Welcome!* I see you've already gotten good advice.* I saw your post earlier this week, but wasn't able to get back here until now.* There are several good and correct articles about PWS around, and unfortunately some that are misleading.* Although the ones that I've found misleading are usually very old.
As Elena mentioned, PWS doesn't grow faster than the individual but will "grow" with them.* So parents that choose laser treatment early are in effect having a smaller area treated.* But very early intervention is not always available to every infant.* It really depends on how extensive the birthmark is.* If it covers a significant area, laser treatments are very often done under general anesthesia for young children and infants.* Most doctors will wait until they've grown a bit before subjecting them to anesthesia.* In addition, even infants that have smaller areas to treat..but still significant enough to need some type of topical anesthesia/pain relief will sometimes be treated a bit later.* The topical anesthesia can also be an issue in very young infants.* *I think 6 months is common for infants that will need these types of anesthesia/pain relief.* Infants with very small areas to treat may start sooner, as they may not need anesthesia at all.
Laser treatment with pulsed dye laser is the current treatment of choice for PWS.* It is also a personal decision.* You will find most people here advocate early intervention with laser, myself included.* Although PWS does not grow, it can thicken, get darker, cause hypertrophy (overgrowth of tissue), and eventually a condition called blebs may develop on the affected area.* The majority of people don't have the worst of these side effects until adulthood, if at all.* But there are some children with a PWS that seem to develop quickly into these manisfestations.* And actually, some of this may depend on what grade PWS your son has.*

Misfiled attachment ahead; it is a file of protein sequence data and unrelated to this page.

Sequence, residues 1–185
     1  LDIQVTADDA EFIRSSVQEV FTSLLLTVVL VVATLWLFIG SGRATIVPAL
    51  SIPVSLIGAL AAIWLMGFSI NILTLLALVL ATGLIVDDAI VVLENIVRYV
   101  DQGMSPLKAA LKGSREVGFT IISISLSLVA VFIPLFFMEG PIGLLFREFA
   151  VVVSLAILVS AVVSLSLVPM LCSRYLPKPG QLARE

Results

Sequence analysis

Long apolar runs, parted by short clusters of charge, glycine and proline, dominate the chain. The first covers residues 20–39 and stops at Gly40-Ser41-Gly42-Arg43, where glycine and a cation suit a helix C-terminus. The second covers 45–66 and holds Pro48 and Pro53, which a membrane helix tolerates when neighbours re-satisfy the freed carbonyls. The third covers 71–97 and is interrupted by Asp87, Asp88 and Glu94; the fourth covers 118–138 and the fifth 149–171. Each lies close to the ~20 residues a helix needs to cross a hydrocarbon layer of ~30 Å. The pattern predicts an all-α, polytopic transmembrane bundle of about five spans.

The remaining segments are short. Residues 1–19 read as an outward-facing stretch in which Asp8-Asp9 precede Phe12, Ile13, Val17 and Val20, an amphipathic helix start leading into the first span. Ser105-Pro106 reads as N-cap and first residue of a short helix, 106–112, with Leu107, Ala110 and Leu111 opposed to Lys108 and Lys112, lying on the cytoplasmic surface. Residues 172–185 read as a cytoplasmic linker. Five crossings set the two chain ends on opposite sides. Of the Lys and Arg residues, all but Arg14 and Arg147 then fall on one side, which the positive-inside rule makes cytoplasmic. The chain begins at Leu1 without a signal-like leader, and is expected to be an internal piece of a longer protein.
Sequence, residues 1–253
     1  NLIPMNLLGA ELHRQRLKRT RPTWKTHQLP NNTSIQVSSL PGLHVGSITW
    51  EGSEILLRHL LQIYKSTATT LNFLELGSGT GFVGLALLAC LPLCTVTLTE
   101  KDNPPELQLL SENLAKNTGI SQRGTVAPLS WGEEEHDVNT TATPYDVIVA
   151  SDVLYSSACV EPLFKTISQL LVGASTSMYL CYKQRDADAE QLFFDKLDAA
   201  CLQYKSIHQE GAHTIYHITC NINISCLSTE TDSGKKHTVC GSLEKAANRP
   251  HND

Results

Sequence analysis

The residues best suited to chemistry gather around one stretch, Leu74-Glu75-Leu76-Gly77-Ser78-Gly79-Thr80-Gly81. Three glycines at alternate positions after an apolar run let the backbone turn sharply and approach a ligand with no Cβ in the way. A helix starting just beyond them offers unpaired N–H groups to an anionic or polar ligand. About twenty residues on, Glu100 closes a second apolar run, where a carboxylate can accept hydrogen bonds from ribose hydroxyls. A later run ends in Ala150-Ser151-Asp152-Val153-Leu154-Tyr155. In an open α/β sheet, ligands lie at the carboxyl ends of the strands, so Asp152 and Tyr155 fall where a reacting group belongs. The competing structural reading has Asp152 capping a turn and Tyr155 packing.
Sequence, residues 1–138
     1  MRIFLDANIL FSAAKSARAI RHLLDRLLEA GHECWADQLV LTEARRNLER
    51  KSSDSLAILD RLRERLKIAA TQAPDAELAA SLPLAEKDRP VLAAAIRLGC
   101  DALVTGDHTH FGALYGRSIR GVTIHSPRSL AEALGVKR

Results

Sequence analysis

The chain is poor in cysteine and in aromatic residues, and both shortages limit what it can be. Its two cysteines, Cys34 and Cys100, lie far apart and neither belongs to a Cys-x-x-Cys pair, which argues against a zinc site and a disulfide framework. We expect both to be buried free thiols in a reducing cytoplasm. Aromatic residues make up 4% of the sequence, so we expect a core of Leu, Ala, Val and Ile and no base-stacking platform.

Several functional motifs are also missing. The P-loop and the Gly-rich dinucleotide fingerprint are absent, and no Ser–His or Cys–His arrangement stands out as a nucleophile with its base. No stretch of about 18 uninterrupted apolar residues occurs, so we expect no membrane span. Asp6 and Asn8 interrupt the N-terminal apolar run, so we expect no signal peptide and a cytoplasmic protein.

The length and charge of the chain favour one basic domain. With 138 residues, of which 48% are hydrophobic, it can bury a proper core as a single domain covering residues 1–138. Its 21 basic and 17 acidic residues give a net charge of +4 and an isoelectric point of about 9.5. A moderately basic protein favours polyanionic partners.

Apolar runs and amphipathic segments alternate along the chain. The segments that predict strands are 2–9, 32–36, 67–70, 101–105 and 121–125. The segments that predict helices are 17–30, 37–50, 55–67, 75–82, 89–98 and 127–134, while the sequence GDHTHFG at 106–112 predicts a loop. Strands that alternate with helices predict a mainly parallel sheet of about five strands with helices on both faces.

Unfortunately laser does not completely correct or cure the birthmark.* There is no cure for PWS at this point. It does provide a tool to lessen the side effects of it, and in many cases will lighten it significantly.* Very few people get 100% lightening out of laser treatment.* The general treatment protocol is to have treatments at a regular interval (6-12 weeks is common) until you feel they are not effective any longer.* After that it becomes more of a maintenance schedule.* Once the color of the birthmark seems to be coming back, start all over again.* Some people need to go back after a year, some have been able to wait several years.* The PWS will come back eventually, as the nerves involved will continue to give the capillaries the "order" to keep filling up with an excess of blood.* That part does not go away.
If you have a plastic surgeon that you already have a good relationship with, I'd start there.* If he/she does not treat vascular birthmarks, they may at least be able to direct you to one that does.* And as already suggested, look up the names on this website and at birthmarks.com.* They both have find a doctor pages.
I've included some links for you...HTH's.* Keep asking questions...information is ammunition with vascular birthmarks.* And I could suggest that if you are doing a search for port wine stains to also try a search for capillary malformation.
(mom to Ben)
Ben's Home Page
Ben's Laser treatment page
Recent Developments in Lasers and the Treatment of Birthmarks:* Article by M. Waner
eMedicine - Vascular, Capillary Malformations
Science, Math and Medicine - Working together To Understand the Diagnosis, Classification and Treatment of Port-Wine StainsThis one's right here at the VBF web site
And of course
edited for bad link..jh